This Liam Neeson thriller has gotten swept under the rug it following the actor’s controversial remarks during an American TV interview earlier in the year, which has since relegated this to stumble-upon VOD fodder. Here, Neeson plays a snowplow driver at a ski resort who’s son is murdered in mysterious circumstances.. A simple set up then has Neeson tracking down those responsible. At the same time a war breaks out between rival drug dealers that Neeson uses to his advantage.
Now I thought after a glut of copycat Liam Neeson thrillers that just seemed like weak attempts to cash in on tne success of Taken … a satire of his usual formula was on the cards. However despite such a promise in the trailer, what we actually get is Neeson playing it entirely straight in a movie that tries and mostly fails to a achieve that clever Coens-esque vibe that blends the serious with the comedic (think especially Fargo). Some support characters add flavour, including a rookie cop out to prove herself and a young boy Neeson befriends who’s father just happens to be the main villain. I also enjoyed the villain’s maniacal performance, and the drug gang rivalry stuff was entertaining as they slowly picked each other off. Also on a purely technical basis, the wintery setting and some of the sequences were at least visually arresting.
Yet with a limp story, a cliched lead performance and plot threads that go nowhere – what actually had the son done to get himself killed? Oh and Laura Dern is in this as Neeson’s wife who following their son’s murder, just stops talking and eventually leaves – that’s how this movie explores grief. Yeah, this was a bit of a strange one and I’m afraid, not a movie I can easily recommend.
I remember enjoying the first movie. Wreck It Ralph was a great idea, borrowing it must be said, from Pixar’s Monsters Inc yet not quite reaching the potential of its rather brilliant concept. However it delivered first-rate turns from John C Reilly as Donkey Kong inspired video game villain ‘Ralph’ and Sarah Silverman as cute kart racer girl ‘Venelope’. So yeah, I was keen to see what (mis)adventured this likeable duo would get up to next. This brings forth the arrival of wi-fi connectivity to the little arcade that’s home to Ralph, Venelope amongst others (including Pacman, various Street Fighter characters and several more recognisable faces), and after an over-zealous gamer breaks Venelope’s arcade machine steering wheel, a quest to get a new one (from eBay no doubt) is undertaken, with the world wide web ripe for exploration.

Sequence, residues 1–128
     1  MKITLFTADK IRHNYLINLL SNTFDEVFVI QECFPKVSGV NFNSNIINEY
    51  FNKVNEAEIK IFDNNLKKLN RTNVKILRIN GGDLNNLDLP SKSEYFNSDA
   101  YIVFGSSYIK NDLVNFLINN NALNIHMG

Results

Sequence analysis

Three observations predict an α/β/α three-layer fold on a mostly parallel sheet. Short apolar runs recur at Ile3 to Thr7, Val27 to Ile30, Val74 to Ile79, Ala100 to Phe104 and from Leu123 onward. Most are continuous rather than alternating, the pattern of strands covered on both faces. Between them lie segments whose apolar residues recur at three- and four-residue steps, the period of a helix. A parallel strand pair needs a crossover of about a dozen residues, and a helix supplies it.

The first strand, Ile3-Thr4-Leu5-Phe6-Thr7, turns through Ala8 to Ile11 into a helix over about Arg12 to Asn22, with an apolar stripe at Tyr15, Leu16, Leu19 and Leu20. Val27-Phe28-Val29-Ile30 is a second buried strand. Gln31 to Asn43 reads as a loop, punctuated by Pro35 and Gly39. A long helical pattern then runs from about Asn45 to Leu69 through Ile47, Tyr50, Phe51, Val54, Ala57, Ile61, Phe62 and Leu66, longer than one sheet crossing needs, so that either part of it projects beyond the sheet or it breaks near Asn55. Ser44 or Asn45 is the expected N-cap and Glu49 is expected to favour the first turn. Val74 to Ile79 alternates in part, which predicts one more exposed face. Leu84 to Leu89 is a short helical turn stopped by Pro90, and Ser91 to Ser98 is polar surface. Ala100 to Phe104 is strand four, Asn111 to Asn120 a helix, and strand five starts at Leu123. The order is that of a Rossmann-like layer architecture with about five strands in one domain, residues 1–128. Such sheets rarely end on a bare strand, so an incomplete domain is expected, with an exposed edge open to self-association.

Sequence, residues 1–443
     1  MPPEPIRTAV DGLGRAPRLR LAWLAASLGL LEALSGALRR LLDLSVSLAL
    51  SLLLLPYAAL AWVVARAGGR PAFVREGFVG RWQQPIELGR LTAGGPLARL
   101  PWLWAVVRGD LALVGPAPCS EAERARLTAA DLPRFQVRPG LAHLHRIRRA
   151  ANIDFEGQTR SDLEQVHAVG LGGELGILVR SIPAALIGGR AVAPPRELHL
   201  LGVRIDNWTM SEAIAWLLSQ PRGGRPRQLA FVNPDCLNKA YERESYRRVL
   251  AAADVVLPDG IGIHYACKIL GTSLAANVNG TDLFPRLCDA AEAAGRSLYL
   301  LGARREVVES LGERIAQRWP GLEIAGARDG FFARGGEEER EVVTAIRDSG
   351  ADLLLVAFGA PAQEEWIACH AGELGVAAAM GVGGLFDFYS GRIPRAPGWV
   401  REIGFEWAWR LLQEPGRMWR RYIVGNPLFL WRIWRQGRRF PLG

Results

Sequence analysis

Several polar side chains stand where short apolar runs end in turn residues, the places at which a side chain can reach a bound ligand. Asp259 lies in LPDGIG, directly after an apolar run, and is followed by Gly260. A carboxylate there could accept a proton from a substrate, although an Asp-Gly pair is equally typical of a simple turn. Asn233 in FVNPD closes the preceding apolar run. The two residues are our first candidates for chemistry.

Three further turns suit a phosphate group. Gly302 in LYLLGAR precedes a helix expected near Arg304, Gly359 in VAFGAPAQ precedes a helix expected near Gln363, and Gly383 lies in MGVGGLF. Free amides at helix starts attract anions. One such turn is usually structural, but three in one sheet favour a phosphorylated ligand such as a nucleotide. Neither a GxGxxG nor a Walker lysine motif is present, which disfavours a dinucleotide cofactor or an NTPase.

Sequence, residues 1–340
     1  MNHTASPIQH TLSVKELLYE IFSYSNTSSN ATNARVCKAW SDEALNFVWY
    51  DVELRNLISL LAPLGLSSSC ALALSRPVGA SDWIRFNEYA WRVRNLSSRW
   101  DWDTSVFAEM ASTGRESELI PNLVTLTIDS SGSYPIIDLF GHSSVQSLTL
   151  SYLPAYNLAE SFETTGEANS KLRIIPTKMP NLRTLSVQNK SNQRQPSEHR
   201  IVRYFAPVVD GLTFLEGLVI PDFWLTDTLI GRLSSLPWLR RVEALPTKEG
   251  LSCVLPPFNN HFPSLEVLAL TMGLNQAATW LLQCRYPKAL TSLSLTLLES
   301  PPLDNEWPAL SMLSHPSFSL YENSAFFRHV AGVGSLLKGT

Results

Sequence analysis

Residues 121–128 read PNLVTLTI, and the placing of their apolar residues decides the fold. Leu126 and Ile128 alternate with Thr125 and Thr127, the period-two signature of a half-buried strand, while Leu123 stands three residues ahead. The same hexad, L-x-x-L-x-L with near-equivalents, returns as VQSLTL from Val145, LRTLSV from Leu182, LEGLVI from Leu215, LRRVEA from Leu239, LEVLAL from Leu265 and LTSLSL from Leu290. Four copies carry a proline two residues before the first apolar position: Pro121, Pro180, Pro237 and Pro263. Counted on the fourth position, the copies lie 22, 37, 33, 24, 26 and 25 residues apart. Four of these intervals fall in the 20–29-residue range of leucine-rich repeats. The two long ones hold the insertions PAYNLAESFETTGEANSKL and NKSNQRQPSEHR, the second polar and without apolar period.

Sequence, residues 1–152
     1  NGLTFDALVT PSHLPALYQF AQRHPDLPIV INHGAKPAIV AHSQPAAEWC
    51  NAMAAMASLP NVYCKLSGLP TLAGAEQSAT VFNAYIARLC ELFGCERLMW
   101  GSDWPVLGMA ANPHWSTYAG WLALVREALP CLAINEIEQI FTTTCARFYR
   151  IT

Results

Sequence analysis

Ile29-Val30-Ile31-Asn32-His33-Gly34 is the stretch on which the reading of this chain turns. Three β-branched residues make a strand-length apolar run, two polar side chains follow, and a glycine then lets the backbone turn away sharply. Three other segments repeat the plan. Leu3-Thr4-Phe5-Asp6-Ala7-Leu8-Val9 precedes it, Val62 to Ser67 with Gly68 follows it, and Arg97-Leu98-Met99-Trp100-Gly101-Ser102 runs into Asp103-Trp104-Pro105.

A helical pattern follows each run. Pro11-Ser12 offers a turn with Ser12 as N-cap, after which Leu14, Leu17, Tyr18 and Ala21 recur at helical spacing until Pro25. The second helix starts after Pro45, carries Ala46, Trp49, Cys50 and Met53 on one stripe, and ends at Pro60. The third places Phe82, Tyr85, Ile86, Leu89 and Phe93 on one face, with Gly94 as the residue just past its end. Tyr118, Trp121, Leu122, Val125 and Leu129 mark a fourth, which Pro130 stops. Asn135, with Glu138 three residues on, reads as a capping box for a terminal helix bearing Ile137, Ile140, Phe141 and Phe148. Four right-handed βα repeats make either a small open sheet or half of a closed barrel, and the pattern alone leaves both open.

I found this built perfectly on the foundations set up in the first movie and delivered exactly what a sequel should … bigger and better. The animation is top-notch and I’ll go as far as to say its sone of the most lush, imaginative and personality-filled CGI I’ve ever witnessed. With the looming shadow of Pixar’s Toy Story 4, any hype for this seemed to get brushed under that carpet at time of release, which is a travesty as in many ways this is the superior movie. Ralph & Venelope are a great double-act and although the story is mostly focused on the plucky racer-girl’s journey of self discovery, Ralph still gets many of the best gags and a brilliant final act (hint…one Ralph is never enough!). The clever mickey-takes and references of the internet and especially of Disney themselves are also well-observed and often laugh out loud funny. The Disney Princesses scene is pure gold.